Then there is the need to make sure people are well equipped and that new BAM companies have the best chance possible of long-term survival (i.e. no going for a stroll on a glacier in flip flops!) For this to happen we need to be able to connect newcomers to more experienced mentors and teachers, we need to develop great resources, and we need to pass down the hard-won lessons and fruitful practices from one generation of BAM practitioners to another.
The BAM Movement Needs You!
Whilst we celebrate the milestone of 4 years of BAM blogging and 100 editions of The BAM Review, we are starkly aware how much there is still to do. That is why I want to close this article with a call out: The BAM movement needs you!
The BAM community is like a wall in that there are the ‘business bricks’ that make up the bulk of the movement, and then there is the mortar that connects the bricks together and strengthens the whole. We will need to multiply both the ‘bricks’ and the ‘mortar’ functions of the BAM movement in order to grow strong in the future. The BAM movement needs those with the gift of communication, administration, and project management – as well as investors, mentors, trainers, prayer warriors, and many others – to be the mortar that helps strengthen the whole.
We also need many more business people to feel affirmed in the call of God on their lives for business and consider where he might be leading them to do business for His glory!
As we look forward to the next year and beyond, we have many exciting projects lined up in the BAM Resource Team and BAM Global that will require the gifts of administration, media and communications particularly, including design, writing, social media, podcasting, event management, administrative leadership and project management, among others. If God is stirring your heart to be involved, we invite you to contact us to find out more.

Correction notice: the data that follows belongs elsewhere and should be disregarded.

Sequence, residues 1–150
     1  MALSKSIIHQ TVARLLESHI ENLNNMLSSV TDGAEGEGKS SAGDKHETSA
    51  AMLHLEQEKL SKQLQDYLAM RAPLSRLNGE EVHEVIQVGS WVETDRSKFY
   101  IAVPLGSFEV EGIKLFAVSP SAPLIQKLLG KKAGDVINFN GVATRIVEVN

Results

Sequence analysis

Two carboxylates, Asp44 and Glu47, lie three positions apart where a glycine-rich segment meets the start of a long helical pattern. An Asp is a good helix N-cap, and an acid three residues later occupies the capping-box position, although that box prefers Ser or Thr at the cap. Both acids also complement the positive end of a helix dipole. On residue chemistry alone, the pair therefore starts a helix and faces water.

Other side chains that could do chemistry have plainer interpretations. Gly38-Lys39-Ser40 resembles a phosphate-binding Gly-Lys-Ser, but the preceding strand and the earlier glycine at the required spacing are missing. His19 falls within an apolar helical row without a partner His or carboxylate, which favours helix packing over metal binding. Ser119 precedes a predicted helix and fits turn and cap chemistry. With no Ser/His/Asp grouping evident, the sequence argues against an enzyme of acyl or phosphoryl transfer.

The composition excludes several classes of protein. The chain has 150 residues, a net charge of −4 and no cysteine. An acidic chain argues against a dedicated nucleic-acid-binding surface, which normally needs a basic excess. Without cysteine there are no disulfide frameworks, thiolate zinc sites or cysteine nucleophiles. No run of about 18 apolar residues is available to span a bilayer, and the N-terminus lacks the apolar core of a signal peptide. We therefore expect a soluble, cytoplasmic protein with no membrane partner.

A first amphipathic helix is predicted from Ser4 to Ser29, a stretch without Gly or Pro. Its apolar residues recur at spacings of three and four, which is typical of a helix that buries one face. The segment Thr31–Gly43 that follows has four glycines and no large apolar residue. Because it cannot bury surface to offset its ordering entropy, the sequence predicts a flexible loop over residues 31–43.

If you would like to consider supporting the work of business as mission through the BAM website or BAM Global in your end of year giving, please head over to our Giving page to find out more.
Read Mats Tunehag’s article>> Why We Need the Term Business as Mission, But Maybe Not Forever!
Read Ross O’Brien’s article>> Why We Need the Term Business as Mission, But Maybe Not Forever! A Response
Jo Plummer is the Co-Chair of BAM Global and co-editor the Lausanne Occasional Paper on Business as Mission. She has been developing resources for BAM since 2001 and currently serves as Editor of the Business as Mission website and The BAM Review blog.
Thanks for reading. We will now take break on The BAM Review blog until January. We hope you have a wonderful Christmas celebration and a Happy New Year!